Dad scares off cougar with his son in its jaws

Boy mad at ‘bad cat’ but doesn’t re­al­ize how close he was to death

Edmonton Journal - - Canada - Van­cou­ver Sun and The Cana­dian Press VAN­COU­VER

Un­til a loud crack in the bush and a flash of tawny brown made him spin around, Paul Kris­mer’s fam­ily camp­ing trip at a re­mote Van­cou­ver Is­land park had been idyllic.

Mo­ments later, acougar hadKris­mer’s four-and-a-half-year-old son, Paul Daniel, in his jaws — and the B.C. man had mere sec­onds to save him.

“It all hap­pened so quick you don’t have any fear nec­es­sar­ily … I just ran down this fallen log to wherePaul was,” Kris­mer said about the Fri­day night in­ci­dent.

“They had fallen on the ground and the cougar still had its jaws around Paul’s head so I jumped on the cougar’s chest with both feet.”

The cougar let go of his boy af­ter a few more kicks and fled into the bushes, he said. Kris­mer, 38, said his son sur­vived theat­tack with­bite wounds to­his headand up­per body. He was treate­dat hospi­tal and re­leased.

“We were lucky for sure. It could have been­over in sec­onds,” he said. “In­stead, my son­has somenot-so-bad cuts. I can’t even say it was re­ally nasty cuts.”

But the­boy is mad at the­big cat, his fa­ther saidWed­nes­day. The­boy knows he was am­bushed by a cougar, but has no sense of how close he came to los­ing his life, his fa­ther said.

“He thinks it’s a bad cat that made a bad choice,” he said.

“I hon­estly don’t think he has a whole lot of sense about his own mor­tal­ity.”

In­stead, he said his son is liv­ing the­life of a four-year-old and the at­tack wasn’t much worse than any other calamity that would be­fall a kid of his age.

“You wipe out on your bike one day an­da­cougar at­tacks you thenext,” said Kris­mer.

“Then you fall off the swings the day af­ter that. It’s just an­other thing that hap­pens.”

The at­tack­may have left more last­ing trauma for Paul’s dad, who­held anews con­fer­enceWed­nes­day in­Co­mox, B.C., be­cause me­dia in­ter­est in the story has been so fierce. Paul squirmed and looked un­com­fort­able with the television cam­eras trained on him.

The Kris­mers, who live in the Co­mox Val­ley, were camp­ing at Schoen Lake Pro­vin­cial Park, an area with about 15 camp­sites and lo­cated about one hour north of Camp­bell River.

Be­fore the sud­den at­tack, the fam­ily, in­clud­ing mom Rose­mary Abram and other son, eight-year-old, David, had been at Schoen Lake for two days en­joy­ing the fine weather and the beauty of sur­round­ing moun­tains.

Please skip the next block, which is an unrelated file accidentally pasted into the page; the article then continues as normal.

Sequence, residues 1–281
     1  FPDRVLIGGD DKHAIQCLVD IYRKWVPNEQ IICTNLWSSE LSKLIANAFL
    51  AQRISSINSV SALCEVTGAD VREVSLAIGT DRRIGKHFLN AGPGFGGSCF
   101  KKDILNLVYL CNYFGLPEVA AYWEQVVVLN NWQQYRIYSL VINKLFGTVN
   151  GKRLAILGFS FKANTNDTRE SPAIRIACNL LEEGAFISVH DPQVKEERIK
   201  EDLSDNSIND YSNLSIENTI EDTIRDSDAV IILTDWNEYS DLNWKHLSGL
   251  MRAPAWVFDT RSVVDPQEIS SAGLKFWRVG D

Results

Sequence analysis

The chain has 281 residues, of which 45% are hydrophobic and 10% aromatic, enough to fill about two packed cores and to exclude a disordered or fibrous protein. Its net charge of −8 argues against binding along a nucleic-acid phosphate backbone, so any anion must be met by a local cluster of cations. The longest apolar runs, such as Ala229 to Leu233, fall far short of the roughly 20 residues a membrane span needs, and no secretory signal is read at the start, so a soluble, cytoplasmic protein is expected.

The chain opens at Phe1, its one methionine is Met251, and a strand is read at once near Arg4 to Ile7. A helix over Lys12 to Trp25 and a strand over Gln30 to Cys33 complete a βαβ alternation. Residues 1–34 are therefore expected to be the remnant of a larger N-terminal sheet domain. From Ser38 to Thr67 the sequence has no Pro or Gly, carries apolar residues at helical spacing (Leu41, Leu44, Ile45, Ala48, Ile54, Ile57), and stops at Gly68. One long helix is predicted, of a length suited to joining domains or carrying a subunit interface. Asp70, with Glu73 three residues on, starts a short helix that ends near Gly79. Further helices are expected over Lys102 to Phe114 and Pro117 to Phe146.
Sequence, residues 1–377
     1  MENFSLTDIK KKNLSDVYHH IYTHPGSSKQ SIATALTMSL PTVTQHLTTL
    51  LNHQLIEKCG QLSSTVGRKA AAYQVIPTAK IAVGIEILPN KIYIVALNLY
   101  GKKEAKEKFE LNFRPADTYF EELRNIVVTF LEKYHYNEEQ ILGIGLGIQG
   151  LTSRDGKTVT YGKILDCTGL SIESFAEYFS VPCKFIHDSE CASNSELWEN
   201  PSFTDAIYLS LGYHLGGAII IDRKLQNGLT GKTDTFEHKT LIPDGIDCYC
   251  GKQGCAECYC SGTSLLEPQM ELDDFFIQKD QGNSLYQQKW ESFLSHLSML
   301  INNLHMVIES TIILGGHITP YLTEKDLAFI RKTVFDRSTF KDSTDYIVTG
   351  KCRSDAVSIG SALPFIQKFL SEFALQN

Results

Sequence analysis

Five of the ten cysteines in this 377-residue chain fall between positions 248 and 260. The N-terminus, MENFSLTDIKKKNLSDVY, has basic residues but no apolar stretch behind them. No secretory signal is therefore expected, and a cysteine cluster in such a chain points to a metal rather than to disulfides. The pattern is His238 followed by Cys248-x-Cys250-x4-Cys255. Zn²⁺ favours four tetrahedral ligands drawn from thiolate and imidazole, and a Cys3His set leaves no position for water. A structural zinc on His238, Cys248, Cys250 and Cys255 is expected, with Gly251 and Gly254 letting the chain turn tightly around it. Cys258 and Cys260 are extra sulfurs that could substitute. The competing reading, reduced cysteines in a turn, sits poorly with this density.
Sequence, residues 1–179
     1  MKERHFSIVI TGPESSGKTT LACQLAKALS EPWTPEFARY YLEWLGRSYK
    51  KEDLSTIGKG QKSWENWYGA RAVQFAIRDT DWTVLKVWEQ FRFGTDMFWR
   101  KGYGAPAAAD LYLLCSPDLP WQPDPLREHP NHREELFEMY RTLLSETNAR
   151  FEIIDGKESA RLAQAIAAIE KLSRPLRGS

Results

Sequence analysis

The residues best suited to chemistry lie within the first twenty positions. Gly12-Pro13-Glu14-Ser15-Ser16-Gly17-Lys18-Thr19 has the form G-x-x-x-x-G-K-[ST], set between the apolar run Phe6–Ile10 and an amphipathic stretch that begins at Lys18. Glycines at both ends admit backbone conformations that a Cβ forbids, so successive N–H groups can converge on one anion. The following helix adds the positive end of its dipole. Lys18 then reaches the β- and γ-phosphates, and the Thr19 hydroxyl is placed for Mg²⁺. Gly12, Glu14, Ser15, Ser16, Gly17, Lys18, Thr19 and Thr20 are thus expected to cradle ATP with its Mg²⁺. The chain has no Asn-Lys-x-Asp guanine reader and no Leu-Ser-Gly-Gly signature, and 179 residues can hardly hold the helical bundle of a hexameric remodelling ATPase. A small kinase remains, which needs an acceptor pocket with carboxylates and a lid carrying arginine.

He said the at­tack oc­curred while he was fish­ing from a log at the edge of a lake. The­boy was at theother end of the log on the shore.

The at­tack left Paul Daniel with one deep punc­ture wound in his head and var­i­ous other bite marks.

“One of the cougar’s in­cisor teeth was well stuck into Paul’s head so there was one se­ri­ous punc­ture wound. But none of theother in­cisor teeth­got agood­grip but hehad­been­bit­ten sev­eral times and there were mi­nor cuts in across the­back of his head,” Kris­mer said.

Theat­tack was allover in about 10 sec­onds, he added, de­scrib­ing the cougar as weigh­ing about 40 kilo­grams and “about the size of a Labrador” dog.

Con­ser­va­tion of­fi­cers who later came and mea­sured Paul’s in­cisor wounds toldKris­mer thean­i­mal was likely about a year old and had prob­a­bly been pushed away by its mother be­cause she was get­ting ready to have more young.

Con­ser­va­tion of­fi­cers, who haven’t been able to track the cougar, say the boy was lucky he wasn’t more se­ri­ously in­jured or killed. Cougar at­tacks are rare. Last April, six-year-old Bryce Forbes of Gold River on north­ern Van­cou­ver Is­land was cred­ited with sav­ing his brother Tucker, 5, fro­ma­cougar that was stalk­ing the boys in their garage.

In 1996, in Prince­ton, in B.C.’s In­te­rior, mother Cindy Parolin was killedby a cougar while pro­tect­ing her son.

In 1994 in Gold River, a cougar at­tacked seven-year-old Kyle Mus­sel­man as he walked to school. Mus­sel­man was se­ri­ously wounded and lost an eye.

Ex­perts sug­gest cougars­may be at­tracted tochil­dren­be­causeof their higher-pitched voices, say­ing they may re­sem­ble small prey.

AL­LAN SCHROEDER/ SPE­CIAL TO THE VAN­COU­VER SUN, CANWEST NEWS SER­VICE

Paul Daniel Kris­mer and his dad, Paul, speak with the me­dia af­ter the boy was at­tacked by a cougar in B.C. Paul Daniel sur­vived rel­a­tively un­scathed with mi­nor in­juries to the back of his neck and head af­ter his fa­ther scared away the preda­tor.

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